Pre-law personal statement
Students in the Department of Political Science at Western Michigan University who are applying for law school should be prepared to write a personal statement. Most schools require a one or two-page personal statement. This should be viewed as an opportunity to present yourself in a way that is not reflected in your transcript or resume. It is a substitute in many ways for the personal interview, so let your personality emerge from the page. Do not restate the obvious or rehash material that the admissions committee will already have before them. Tell the schools what you can offer them that no one else can. Accentuate experiences, traits, abilities and passions that set you apart. Be specific. Develop a narrative that will be engaging and worth the committee’s time to read. Don’t be too cute or unconventional. The personal statement is also your chance to explain anything on your record that may appear negative. In all cases, be sure your grammar, punctuation and spelling are correct. Sample personal statements are available from the department. Some commercial publications offer useful samples of personal statements too. Remember, however, that you are writing your own personal statement that should reflect your own style. Don’t rely on gimmicks or on someone else’s style.
Letters of recommendation
Most law schools require one or two letters of recommendation with your application, and even those that don’t will consider them with your application. Choosing your recommendations is consequential to how it will affect your admission chances. Some schools specify that they prefer or require faculty recommendations and do not consider an application until the faculty letters arrive. A strong faculty letter demonstrates an awareness of the student’s academic potential, and is not just a citation of a particular grade that a student earned in a particular class. The wise applicant will make every effort to get to know their professors, and not just to enhance their law school applications with a strong letter. A good mentor-student relationship can enrich your undergraduate education immeasurably and sustain your intellectual life far beyond your college and law school years. A student who pursues special projects and demonstrates true intellectual curiosity and initiative is certainly the kind of student that any good law school covets. A great letter of recommendation is simply a happy by-product of a student’s hard work.
The importance of faculty letters is not so significant for applicants who have been out of school for several years. Letters from employers, co-workers or others in a position to evaluate your ability or character are appropriate. If you have maintained contact with one or more of your professors, you may of course provide a letter from him or her. If the school requires a faculty letter, try to comply even if you have been out of school for some time. You can include letters that amplify your time out of school. Students who are planning to apply to law school within a year or two after graduation from college may want to have letters from professors placed in their files before they graduate. The prelaw advisor has forms for students to use in such cases.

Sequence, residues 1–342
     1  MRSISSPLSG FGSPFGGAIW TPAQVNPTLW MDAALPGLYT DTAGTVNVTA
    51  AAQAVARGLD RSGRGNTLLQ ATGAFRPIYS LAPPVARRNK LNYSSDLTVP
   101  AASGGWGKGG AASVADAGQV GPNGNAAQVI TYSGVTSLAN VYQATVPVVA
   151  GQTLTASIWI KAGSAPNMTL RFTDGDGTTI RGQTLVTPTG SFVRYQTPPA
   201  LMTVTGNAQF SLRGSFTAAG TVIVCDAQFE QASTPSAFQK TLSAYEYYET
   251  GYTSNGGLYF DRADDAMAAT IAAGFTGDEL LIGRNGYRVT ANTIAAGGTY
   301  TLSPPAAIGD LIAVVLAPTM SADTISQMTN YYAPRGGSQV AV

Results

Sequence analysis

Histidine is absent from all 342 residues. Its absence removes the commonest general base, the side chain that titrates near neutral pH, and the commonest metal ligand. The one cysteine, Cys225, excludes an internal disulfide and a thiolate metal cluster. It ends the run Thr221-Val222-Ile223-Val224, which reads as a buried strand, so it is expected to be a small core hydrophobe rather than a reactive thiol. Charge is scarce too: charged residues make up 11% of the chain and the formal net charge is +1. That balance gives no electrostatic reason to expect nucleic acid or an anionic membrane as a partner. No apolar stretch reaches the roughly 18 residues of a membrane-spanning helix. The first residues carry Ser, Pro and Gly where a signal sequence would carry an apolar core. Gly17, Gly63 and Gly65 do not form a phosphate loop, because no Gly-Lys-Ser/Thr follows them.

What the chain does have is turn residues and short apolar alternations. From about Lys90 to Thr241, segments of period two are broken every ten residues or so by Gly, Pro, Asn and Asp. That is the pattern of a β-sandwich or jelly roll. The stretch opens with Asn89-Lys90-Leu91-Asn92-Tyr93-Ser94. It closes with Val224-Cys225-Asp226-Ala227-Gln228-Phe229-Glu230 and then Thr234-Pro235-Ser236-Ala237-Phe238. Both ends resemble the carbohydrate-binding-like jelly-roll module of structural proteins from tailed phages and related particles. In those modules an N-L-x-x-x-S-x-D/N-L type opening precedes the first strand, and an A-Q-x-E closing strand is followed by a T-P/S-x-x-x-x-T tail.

Try to choose recommenders who can be specific and who can write you the strongest possible letters. You can tactfully ask a recommender if they feel they know you and your work well enough to write you a strong letter. If a recommender seems reluctant to write a letter, find someone else. A lukewarm or negative letter will obviously damage your chances of acceptance. If a recommender is willing, be sure they are able to write you a good letter. Someone who is able to compare you with other students who have attended a law school to which you are applying can be particularly persuasive. Dealing with facts relevant to law school is appreciated by the law schools, as is honesty. A letter that recognizes a candidate’s weaknesses, but is nonetheless laudatory can be of great help to an admissions committee. You can insure stronger letters by choosing your recommenders with care; then provide them with writing samples, a resume and your personal statement. All will help them to know you better as a student and as a person.
The rule of thumb in selecting a recommender is to look for the quality of letter rather than the prestige of the author. You may be acquainted with a senator or a judge who is willing to write you a letter even though he or she does not know you well. Such letters are generally a waste of the writer’s and the admission committee’s time since they tend to be so general as to be meaningless. It is preferable to get a letter from someone unrelated to the legal profession who can tell the committee more about you than they can glean from your application or personal statement.
The LSDAS offers a convenient Letter of Recommendation Service for no extra charge. You will be asked whether you are willing to waive your right to see your letters of recommendation. Some argue that doing so will increase the credibility of the letters you receive. Certainly a glowing letter has more force if an admissions committee knows that the applicant has not and probably will not ever see it.
Plan ahead when asking for letters of recommendation. Give your recommenders adequate time to prepare your letters. You should ask your recommenders a few weeks before you give them the forms if they are willing to write you a letter. Then make sure you give them at least three weeks to complete and mail the letters after you have given them the material. Asking a recommender on Monday to “write a letter and send it by Friday” demonstrates a wanton disregard for his or her other duties and responsibilities. Certainly it does not provoke your writer to speak well of your maturity and responsibility or to applaud your organizational skills. The result may be a less positive letter than you might otherwise have received.
You will get a better response from recommenders if you follow a fairly simple protocol. Include stamped, addressed envelopes for every form or letter to be sent to the LSDAS Recommendation Service or directly to the schools. Make sure all waiver forms are signed, and that any part of the form that you are responsible for filling in is completed before you give them to your recommender. A recommender should never have to look up your social security number or wonder whether you forgot to sign a waiver or intentionally omitted your signature. Their only task should be to write the letter, stuff it into a prepared envelope and mail it by a specified date.